Tuesday, July 17, 2012

Nobel Prize Winning Journalist Tawakkol Karman : Arab Revolutions on the Right Lines

Tuesday, 17 July 2012
Joint winner of Nobel peace prize 2011, Yemeni journalist, activist Tawakkol Karman has said that Arab revolutions not only toppled regime rulers, but also they would bring down the remaining figurative names of the regimes.
Speaking to Anadolu Agency (AA) on Tuesday on the occasion of a party convention in Rabat, Karman said that Arab revolutions were on the right lines.
"Women are participating in bringing down the regimes in the countries where the Arab Spring is occurring. However, women demonstrated a strong stance both during revolution and transition period in Yemen. I tried my best to help toppling over the regime in this country, too," said Karman.
Stating that regimes were brought down by people in those countries, "The Assad regime in Syria will also be overthrown soon like in Tunisia, Egypt and Libya," she said.
Karman said that Turkey should cooperate with international communities to stop mass killings in Syria, adding that Arab countries were expecting more action from Turkey.
Tawakkul Karman, known by some as the 'mother of the revolution', has long been a thorn in the side of Yemen President Ali Abdullah Saleh.
Karman was born on 7 February 1979 in Yemen. She is a journalist, politician and senior member of the Al-Islah political party, and human rights activist who heads the group "Women Journalists Without Chains," which she co-founded in 2005.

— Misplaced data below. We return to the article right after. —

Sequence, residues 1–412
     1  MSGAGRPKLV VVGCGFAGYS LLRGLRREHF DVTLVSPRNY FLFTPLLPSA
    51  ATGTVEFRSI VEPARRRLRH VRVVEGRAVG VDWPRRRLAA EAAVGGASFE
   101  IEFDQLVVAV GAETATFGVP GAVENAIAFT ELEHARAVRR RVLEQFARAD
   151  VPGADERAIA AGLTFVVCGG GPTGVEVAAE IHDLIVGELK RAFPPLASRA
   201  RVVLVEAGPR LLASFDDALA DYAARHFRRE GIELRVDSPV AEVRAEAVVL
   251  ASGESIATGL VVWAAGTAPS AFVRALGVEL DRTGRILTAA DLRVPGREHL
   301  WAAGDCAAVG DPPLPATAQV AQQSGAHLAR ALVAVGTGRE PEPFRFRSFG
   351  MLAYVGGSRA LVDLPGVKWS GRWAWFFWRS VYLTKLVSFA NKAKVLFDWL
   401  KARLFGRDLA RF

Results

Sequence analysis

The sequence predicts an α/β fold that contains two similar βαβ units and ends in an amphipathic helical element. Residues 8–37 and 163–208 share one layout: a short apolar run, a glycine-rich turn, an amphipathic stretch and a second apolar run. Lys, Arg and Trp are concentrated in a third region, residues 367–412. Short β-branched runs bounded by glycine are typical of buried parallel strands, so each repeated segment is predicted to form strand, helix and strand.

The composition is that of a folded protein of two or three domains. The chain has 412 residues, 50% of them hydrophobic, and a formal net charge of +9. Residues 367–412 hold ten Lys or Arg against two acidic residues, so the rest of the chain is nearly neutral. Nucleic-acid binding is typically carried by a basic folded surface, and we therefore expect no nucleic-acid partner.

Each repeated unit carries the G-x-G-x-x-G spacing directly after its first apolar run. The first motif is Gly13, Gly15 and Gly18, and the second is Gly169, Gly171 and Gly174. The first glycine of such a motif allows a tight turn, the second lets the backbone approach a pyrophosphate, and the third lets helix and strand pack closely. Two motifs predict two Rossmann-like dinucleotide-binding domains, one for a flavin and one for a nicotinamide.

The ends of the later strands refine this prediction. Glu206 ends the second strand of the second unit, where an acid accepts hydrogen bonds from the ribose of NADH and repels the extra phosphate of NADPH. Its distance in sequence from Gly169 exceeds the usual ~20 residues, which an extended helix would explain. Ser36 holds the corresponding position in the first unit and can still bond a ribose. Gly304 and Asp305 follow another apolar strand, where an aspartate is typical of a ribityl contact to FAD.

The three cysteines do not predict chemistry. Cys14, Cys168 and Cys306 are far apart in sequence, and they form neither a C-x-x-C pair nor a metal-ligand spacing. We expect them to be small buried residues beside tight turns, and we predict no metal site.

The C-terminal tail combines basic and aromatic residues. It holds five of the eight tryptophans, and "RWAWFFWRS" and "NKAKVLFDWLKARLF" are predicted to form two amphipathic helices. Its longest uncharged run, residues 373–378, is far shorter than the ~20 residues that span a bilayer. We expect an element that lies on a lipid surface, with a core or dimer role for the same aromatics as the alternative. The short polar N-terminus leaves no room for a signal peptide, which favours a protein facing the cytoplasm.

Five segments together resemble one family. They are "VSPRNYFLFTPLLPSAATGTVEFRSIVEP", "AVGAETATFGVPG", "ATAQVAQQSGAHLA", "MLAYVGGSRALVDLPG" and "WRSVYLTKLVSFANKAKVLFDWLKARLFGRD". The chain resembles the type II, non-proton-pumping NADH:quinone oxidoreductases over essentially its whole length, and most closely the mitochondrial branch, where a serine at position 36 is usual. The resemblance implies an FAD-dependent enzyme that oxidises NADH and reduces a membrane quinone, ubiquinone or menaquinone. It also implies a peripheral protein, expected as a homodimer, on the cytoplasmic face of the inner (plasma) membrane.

Yemen: National dialogue begins despite criticisms

Jaber Ali
July 17, 2012.
The preparatory process for Yemen’s national dialogue conference has been launched by Ban Ki-moon, UN’s Secretary General, calling it “an opportunity for all actors in Yemen to collectively establish a new social contract and achieve national reconciliation” in his opening remarks. He appreciated the continued efforts of all the Yemenites, government officials and citizens, in their endeavor to maintain the country’s transition process on the right path. A committee was put in place by a republican decree to assure the implementation of an agreement reached around the end of 2011 for a national dialogue when the protests successfully forced the then president to abandon to his post.
The formation of the 25 member committee to oversee the preparation of a comprehensive national dialogue has heavily been criticized by the political actors and the general public. Amongst them is the committee’s lack of representation of all the political parties and the non consultation of all the parties concerned when the decree was taken.
The opposition party, JMP, warned that “such a move will take Yemen back to the first situation” because the committee has “specified…duties and that remains unhelpful.” The newly formed Salafist political party also claims it has been ignored even though the Salafists represent the majority of the population. Members of parliament also voiced their concerns claiming that it’s totally erroneous.
The committee has its deadline fixed on the 30th of September. It comprises of concerned political groups specified in the power-transfer deal, which was brokered by the GCC and backed by the UN in November, including the Houthi Group, the Southern Movement and the youth-led protesters. However, not every party and political group had equal representation according to the names of the members.